Chromatic passages can be challenging with the melodic style so sometimes you have to compromise

And here’s the sheet music:

Banjofy That Melody – The Robots By Kraftwerk

As a musician, it’s sometimes hard to combine your ambitions and the demands of the work. This could be a topic of it’s own, but for now, let me just say that the better I can align these two, the happier I am. And right now I am.

This week I was asked to do a banjo clinic for this Kontula Electronic Music festival. I was given carte blanche, but I was requested, if possible, to also do something by Kraftwerk, the electronic music pioneer from Germany. I’m a sucker for silly ideas so of course I went for it. I chose everybody’s favourite tune, The Robots.

I was planning to focus on the melodic style for the time being, but because the melody is so sparse I decided that a roll-based (Scruggs-style might be a stretch in this context? 🙂 ) approach would work better. The basic idea is very simple. You just figure out the melody notes (the first 4 bars in the example) and fill the rest with chord tones, rolls or hot licks of your choice. The easy road would be to stick with the mere melody notes, but the sound of the banjo that I want to hear, doesn’t just come from the actual sound (timbre) but the choice of notes and rhythms as well. Banjo often operates in the 16th notes so I wrote out all the 16th note rests so you can see more easily how many notes you can cram between the melody notes. Although we banjo players often instinctively take the more-is-more slope, it’s definitely okay to play longer notes or even rests. Often times they are just the thing to give the song that nice bouncy rhythmic feel. My version consists mostly of forward rolls as they just came naturally. Backward rolls, forward-backward rolls, square rolls or some others could also work well (I’ll be going through the rolls in more detail later, but for now you can easily find information about these from almost any banjo book for beginners or, of course, the all-knowing internet) and I probably would have tried to incorporate them more as well given more time. Even though knowing the rolls can help a whole lot, you shouldn’t worry too much about using specific rolls. Just try to fill the gaps with any notes and listen! If it sounds good it is good. The melody is the most important part and most people won’t even notice the difference in the fillers. Depending on the situation you might want to accent the melody notes (I’m gonna go through accents in more detail later, too) to some degree. In the example the melody notes come from the synth as well so the need to accent them isn’t as great. In a solo performance I might dig in a little deeper for them to create the impression of separate layers of melody and accompaniment.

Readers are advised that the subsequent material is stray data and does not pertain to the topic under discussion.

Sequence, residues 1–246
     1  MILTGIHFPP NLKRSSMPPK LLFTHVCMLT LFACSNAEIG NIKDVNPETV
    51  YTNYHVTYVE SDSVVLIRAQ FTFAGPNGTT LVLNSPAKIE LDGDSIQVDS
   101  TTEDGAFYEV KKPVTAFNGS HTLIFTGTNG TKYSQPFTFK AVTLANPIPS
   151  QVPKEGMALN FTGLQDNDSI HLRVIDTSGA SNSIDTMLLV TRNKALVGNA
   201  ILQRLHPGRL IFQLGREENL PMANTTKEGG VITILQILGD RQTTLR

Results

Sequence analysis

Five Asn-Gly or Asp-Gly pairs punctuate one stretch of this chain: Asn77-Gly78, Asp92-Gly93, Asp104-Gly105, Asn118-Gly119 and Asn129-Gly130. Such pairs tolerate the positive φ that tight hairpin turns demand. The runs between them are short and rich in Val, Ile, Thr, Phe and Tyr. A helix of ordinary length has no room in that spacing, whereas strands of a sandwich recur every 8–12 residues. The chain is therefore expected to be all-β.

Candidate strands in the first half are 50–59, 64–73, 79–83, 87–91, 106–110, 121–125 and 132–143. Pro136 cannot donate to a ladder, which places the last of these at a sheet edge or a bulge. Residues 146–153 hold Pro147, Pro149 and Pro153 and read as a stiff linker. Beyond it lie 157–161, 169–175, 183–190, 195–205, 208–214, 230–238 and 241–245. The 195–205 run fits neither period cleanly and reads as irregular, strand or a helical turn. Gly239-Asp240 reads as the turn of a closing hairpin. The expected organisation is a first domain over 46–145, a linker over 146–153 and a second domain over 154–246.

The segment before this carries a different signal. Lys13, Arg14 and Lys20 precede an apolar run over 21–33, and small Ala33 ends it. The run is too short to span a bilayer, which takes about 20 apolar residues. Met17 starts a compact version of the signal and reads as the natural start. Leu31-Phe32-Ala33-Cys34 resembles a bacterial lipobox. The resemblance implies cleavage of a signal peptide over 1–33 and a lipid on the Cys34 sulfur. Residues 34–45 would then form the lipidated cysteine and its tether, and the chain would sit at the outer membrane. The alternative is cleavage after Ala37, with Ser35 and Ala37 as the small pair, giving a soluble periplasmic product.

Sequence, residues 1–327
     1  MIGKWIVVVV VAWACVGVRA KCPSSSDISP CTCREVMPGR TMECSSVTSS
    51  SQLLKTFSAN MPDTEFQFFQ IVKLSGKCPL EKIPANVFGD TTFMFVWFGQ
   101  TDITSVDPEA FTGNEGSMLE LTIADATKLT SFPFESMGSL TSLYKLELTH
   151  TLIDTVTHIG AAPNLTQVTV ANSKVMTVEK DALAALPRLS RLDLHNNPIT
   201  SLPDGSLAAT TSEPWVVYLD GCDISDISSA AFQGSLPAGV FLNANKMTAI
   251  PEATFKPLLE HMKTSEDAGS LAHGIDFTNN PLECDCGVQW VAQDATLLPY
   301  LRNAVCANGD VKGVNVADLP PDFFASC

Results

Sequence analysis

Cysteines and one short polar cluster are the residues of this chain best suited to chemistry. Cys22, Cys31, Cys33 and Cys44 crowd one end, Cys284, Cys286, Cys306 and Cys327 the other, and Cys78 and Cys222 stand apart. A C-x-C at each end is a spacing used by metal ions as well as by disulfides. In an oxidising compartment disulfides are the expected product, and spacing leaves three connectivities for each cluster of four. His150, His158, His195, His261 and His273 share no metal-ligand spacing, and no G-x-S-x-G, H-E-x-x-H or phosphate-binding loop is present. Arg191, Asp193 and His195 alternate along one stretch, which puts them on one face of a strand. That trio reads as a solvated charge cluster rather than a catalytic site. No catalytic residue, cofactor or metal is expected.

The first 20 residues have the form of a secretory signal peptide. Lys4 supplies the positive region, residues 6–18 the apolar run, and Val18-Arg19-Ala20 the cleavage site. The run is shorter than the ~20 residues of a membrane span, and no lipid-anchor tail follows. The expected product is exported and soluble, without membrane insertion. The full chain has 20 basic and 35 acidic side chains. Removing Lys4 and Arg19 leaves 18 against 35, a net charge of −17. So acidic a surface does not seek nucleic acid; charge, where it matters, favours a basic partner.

Anyway, here’s the clip and TAB. Hope you enjoy them and please send feedback! 🙂 Unfortunately, I only had time to do this short clip. For the full version with more robotic stuff you’ll have to come to Kontula tomorrow!